In your business plan you should consider:

  • What types of business entity the event planning business will be 
  • A catchy and attractive brand name
  • Vision/mission for the business (with a proper mission statement)
  • SWOT analysis
  • Financial plan
  • Marketing plan

Step 4: Figure Out The Financial Details

How will you fund the business? Check whether any funding is available to you, for example, if your college can offer funding support or whether there are incentives or grants for starting a business in your area. 

If you can start your business on your own without any financial help, then this is the most ideal approach since you won’t need to worry about repaying loans or giving back to your investors. However, obviously, this isn’t always an option for everyone. 

Nevertheless, calculate exactly how much the business will need, what the money will go to, and when you will need it. 

Step 5: Legal Requirements

Identify the local requirements for starting an event planning business in your area. This will vary between countries and even between states. Then, you should formally register your company.

Once the company name is registered, you should also create your company logo and branding and take the necessary steps to protect your IP via trademarks, copyrights, or patents. If necessary, don’t be afraid to take legal advice.

Step 6: Technological Infrastructure

In this digital age, your online presence is obviously important in winning more clients. 

Set up your website and social media accounts, and you should aim for the same handles across different social media networks for consistency.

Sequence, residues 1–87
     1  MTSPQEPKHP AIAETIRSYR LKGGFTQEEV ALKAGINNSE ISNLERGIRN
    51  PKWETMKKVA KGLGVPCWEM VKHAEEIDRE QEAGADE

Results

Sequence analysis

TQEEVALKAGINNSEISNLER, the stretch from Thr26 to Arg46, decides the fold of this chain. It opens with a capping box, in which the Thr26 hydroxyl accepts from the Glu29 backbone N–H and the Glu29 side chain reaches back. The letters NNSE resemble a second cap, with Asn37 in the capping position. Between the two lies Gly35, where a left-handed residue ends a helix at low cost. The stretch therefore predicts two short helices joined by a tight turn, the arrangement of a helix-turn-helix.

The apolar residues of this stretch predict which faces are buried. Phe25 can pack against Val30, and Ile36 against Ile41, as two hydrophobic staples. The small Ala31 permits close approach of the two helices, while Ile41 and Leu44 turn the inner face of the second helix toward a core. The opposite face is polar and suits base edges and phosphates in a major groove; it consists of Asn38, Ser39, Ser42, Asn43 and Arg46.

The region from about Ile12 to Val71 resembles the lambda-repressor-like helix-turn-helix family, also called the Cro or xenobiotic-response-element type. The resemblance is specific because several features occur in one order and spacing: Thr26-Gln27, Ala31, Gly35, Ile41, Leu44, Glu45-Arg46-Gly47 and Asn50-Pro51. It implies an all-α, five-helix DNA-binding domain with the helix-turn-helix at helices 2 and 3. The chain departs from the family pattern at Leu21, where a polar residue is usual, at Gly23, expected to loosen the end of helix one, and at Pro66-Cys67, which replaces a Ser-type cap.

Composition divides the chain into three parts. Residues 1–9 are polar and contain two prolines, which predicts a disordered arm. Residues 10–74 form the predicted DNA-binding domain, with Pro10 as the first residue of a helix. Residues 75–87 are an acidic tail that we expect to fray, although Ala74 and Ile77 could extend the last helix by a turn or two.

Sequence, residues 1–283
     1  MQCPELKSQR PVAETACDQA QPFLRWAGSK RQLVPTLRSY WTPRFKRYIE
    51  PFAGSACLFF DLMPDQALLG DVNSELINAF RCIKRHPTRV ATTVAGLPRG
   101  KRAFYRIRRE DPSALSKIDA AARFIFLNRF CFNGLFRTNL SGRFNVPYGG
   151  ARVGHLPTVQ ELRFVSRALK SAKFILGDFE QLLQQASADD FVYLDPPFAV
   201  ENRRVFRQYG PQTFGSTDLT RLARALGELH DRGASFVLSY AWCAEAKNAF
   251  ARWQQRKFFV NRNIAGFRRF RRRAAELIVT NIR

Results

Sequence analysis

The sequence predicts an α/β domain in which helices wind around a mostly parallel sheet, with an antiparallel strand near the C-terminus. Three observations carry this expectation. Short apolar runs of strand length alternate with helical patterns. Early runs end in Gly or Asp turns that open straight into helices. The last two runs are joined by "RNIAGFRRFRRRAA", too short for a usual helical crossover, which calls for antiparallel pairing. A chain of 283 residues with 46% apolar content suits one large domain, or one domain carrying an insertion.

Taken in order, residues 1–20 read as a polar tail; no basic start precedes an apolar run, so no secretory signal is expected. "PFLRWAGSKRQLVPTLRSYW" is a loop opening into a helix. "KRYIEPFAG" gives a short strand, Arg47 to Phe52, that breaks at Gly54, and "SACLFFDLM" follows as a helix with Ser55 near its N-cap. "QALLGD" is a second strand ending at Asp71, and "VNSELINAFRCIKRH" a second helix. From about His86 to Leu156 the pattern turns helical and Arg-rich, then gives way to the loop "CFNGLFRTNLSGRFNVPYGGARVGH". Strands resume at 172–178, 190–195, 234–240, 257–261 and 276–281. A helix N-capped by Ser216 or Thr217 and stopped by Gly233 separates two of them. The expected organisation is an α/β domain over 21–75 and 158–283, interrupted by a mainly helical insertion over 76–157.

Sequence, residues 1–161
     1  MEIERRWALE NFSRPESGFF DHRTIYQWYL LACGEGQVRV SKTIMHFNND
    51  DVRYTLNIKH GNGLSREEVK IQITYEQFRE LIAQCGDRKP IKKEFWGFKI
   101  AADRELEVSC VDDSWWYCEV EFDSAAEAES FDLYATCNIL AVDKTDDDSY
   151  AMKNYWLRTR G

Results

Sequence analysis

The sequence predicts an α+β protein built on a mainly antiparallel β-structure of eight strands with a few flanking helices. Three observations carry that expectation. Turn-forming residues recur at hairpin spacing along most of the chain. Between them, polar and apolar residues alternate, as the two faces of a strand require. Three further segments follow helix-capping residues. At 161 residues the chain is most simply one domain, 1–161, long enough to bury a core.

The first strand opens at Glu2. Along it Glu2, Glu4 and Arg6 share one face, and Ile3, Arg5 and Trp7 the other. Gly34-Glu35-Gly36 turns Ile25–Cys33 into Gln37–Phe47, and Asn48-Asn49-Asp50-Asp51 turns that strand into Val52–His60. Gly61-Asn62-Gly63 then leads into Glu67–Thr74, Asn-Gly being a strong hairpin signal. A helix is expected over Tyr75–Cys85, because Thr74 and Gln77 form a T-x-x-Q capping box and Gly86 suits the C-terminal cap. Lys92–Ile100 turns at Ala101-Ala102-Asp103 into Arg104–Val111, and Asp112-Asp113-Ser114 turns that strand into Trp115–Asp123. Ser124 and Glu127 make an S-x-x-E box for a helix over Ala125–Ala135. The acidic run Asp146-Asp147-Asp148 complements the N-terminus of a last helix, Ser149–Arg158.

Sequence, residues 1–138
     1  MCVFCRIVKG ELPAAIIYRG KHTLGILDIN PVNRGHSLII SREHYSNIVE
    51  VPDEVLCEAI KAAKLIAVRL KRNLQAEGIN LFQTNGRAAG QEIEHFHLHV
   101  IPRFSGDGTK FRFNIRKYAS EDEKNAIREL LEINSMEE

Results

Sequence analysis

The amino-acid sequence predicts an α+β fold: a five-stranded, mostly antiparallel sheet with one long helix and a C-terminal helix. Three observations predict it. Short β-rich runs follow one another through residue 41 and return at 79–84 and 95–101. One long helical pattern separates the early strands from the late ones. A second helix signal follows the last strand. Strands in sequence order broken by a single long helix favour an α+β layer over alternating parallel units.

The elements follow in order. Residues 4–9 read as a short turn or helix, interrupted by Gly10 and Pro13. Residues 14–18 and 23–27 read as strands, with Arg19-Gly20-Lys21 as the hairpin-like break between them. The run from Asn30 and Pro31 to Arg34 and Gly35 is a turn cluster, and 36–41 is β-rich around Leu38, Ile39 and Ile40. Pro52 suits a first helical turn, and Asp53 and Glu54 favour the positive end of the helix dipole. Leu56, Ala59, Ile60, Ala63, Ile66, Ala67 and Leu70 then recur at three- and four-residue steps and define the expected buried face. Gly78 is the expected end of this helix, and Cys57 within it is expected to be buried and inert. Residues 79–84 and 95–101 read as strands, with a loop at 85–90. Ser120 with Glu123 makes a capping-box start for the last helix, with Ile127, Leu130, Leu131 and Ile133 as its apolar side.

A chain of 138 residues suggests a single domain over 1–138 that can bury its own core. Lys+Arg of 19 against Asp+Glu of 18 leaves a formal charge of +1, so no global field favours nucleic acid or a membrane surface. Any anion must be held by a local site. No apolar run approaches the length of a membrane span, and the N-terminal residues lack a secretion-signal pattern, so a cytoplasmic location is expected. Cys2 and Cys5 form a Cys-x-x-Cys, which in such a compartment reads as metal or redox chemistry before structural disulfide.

Publish content on your website and social media pages as soon as you can. You can start with a “coming soon” message, but don’t forget to regularly update the pages. 

Also, it’s time to invest in an event management software solution as the backbone of your business. We’d recommend Eventtia’s software for event planning where you’ll get all the important features from online registration, payment/invoices, attendees tracking, and more in just a single solution for cost-efficiency. 

Step 7: Decide on a Pricing Strategy

Another important and potentially challenging step is to get your price right,

Research your competitors to find out how much and how they charge for their services. This can be a challenge on its own, but you’ll get very valuable insights if you can get an understanding of how your competitors price their services

Also, when you get an inquiry from potential clients, make sure you get all the details before quoting your price. Get as many details as you can to enable you to calculate your costs and profit margin accurately. 

Step 8: Marketing, Marketing, Marketing

Now that you’ve established your event planning business, it’s time to promote your business like crazy and secure more projects. Tell as many people as you can about your business, and market your event planning business in various marketing channels.